► In the Seattle Times — Police, prosecutors and victim advocates worry coronavirus stay-at-home order will cause spike in domestic violence — “We have every reason to believe abuse is escalating at this time,” said Susan Segall, New Beginnings’ executive director. “For any of us that see our homes as a sanctuary, it’s profoundly distressing to think of being home-bound when you’re being abused.” Police say the crisis is cutting domestic violence victims off from their social-support networks and leading to an increase in 911 calls.

Help for domestic-violence survivors — If you are in immediate danger, call 911. If you have been abused by an intimate partner, you can call the 24-hour National Domestic Violence Hotline at 1-800-799-7233 or 1-800-787-3224 (TTY). A variety of agencies in the area offer assistance, including confidential shelters, counseling, child therapy and legal help. For a list of resources, visit the Washington State Coalition Against Domestic Violence’s website.

► From the AP — Trump warns governors to be ‘appreciative’ — Trump said he had instructed Vice President Mike Pence not to call the governors of Washington or Michigan — two coronavirus hotspots — because of their public criticism. “If they don’t treat you right, I don’t call,” Trump said. In an interview with Fox News’ Sean Hannity, Trump declared that Washington Gov. Jay Inslee “should be doing more” and “shouldn’t be relying on the federal government.”




► From CNN — Boeing will seek federal help — but won’t give taxpayers a stake — Although the federal government likely will end up owning stakes in the nation’s airlines, taxpayers probably won’t receive shares of Boeing. Airlines and other companies will get direct government grants to weather the crisis, but Boeing said it was looking primarily for loan guarantees, which can lower the cost of borrowing and make it easier to find loans.




► LIVE from the NY Times — U.S. extends social curbs through April after estimate of up to 200,000 deaths — Faced with the grim prospect that 200,000 Americans could die even with aggressive action to slow the spread of the coronavirus, Trump extended the guidelines on avoiding nonessential travel, staying away from work, visiting bars and restaurants and gathering in groups of more than 10 for at least another month.

► In the Washington Post — As dark reality sets in, president beats a retreat on reopening the U.S. — The president said he was convinced by data modeling that showed that the death rate in the United States probably won’t peak for another two weeks.

► From Bloomberg Law — NLRB pressured to resume union elections by mail — Union leaders and worker advocates are criticizing the National Labor Relations Board for changing course and deciding to suspend all union elections until at least early next month because of the coronavirus pandemic, urging the board to allow voting by mail. “Coronavirus must be taken extremely seriously, but the NLRB should be utilizing mail ballots, telephonic hearings, and the panoply of other readily available technologies,” said AFT President Randi Weingarten, adding that the new policy will “suffocate worker voice.”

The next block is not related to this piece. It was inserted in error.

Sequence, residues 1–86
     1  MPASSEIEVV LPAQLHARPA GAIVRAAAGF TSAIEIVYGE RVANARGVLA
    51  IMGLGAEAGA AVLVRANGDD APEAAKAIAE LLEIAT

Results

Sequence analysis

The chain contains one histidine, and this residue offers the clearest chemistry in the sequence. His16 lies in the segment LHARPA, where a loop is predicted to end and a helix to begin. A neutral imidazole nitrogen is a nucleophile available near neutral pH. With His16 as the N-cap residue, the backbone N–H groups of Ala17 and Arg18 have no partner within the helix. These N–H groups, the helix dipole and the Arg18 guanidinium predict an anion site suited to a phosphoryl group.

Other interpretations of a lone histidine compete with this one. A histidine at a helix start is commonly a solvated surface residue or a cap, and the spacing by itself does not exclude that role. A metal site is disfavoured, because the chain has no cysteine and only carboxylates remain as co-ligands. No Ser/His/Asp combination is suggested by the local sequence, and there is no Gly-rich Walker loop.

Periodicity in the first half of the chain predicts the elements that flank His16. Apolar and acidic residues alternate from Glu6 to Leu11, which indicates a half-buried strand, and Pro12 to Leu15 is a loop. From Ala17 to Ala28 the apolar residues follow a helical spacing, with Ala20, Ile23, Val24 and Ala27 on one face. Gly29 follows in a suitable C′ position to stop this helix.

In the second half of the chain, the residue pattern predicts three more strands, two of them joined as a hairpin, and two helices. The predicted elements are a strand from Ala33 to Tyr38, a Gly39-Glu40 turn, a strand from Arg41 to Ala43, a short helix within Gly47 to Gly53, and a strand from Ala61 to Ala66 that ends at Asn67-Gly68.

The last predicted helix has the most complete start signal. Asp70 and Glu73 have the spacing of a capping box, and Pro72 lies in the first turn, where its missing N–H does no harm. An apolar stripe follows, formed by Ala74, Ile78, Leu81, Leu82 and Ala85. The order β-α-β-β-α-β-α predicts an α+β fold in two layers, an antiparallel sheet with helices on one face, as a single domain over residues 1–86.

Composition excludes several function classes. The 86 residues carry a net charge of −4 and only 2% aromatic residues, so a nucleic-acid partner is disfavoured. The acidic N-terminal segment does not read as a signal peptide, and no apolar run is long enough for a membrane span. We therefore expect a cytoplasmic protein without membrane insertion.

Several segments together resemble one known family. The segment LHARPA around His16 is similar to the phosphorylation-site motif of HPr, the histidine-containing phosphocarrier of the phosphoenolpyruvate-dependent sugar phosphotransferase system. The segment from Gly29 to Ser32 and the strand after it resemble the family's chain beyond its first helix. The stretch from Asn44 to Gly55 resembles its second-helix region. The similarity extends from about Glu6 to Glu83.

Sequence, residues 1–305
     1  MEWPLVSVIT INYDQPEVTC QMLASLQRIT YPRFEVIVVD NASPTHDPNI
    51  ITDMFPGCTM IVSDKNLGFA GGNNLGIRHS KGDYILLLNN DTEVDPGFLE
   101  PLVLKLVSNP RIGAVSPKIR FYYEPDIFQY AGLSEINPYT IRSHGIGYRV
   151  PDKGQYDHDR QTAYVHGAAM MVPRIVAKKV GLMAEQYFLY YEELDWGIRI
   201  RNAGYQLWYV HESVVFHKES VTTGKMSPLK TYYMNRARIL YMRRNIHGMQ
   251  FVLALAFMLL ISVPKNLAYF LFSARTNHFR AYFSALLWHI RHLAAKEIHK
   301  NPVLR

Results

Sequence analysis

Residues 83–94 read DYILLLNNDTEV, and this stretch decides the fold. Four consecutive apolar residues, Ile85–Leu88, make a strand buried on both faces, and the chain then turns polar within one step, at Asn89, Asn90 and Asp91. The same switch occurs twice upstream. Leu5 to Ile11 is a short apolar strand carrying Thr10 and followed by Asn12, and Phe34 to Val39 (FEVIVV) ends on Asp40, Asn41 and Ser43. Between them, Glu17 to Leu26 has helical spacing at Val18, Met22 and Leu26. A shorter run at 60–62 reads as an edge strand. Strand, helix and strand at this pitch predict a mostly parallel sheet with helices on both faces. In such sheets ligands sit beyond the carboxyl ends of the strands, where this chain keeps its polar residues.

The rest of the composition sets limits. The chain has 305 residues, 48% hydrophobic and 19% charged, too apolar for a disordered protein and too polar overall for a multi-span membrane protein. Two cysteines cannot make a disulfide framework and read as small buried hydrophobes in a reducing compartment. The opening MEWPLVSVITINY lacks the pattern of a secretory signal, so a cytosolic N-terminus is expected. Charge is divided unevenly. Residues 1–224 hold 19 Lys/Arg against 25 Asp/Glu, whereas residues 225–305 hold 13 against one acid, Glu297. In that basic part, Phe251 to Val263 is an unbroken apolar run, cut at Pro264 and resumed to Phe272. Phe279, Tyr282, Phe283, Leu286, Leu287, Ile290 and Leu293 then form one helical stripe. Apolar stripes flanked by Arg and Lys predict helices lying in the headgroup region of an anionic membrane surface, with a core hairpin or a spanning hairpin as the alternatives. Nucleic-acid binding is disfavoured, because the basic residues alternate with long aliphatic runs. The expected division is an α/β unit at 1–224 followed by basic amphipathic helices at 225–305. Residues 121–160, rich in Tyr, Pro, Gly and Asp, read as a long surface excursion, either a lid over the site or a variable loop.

ALSO TODAY at The Stand — AFL-CIO calls on NLRB to conduct union elections

The Stand (March 24) — Washington unions blast NLRB’s ‘muzzling of workers’

► In the NY Times — The lost month: How a failure to test blinded the U.S. to COVID-19 — Aggressive screening might have helped contain the coronavirus in the United States. But technical flaws, regulatory hurdles, and lapses of leadership let it spread undetected for weeks.

► In the Washington Post — Inside the talks on the largest U.S. bailout: frantic negotiations, partisan tensions and a Trump tweet — Sen. Patty Murray (D-Wash.) was concerned well before the rest of her colleagues based on what she had witnessed in her home state, where most of the early coronavirus cases were concentrated. Even during the impeachment trial that consumed the Senate for the first several weeks of the year, Murray was worried other senators were not taking the emerging public health crisis seriously… At a Feb. 26 retreat with other Senate Democrats, Murray delivered a bracing message as headlines began to trickle out about the mysterious outbreak at a nursing home in Kirkland, Wash.: “What’s happening in Washington state is coming to you.”

► From The Hill — Unions urge Chamber of Commerce to stop lobbying against Defense Production Act — “In times of extreme national crisis, we must put politics and profits aside, and we must come together to do what’s best for people: that means producing and distributing more equipment, quickly, by any means necessary. Lives literally depend on it,” reads the letter from several union leaders to Chamber President Tom Donohue.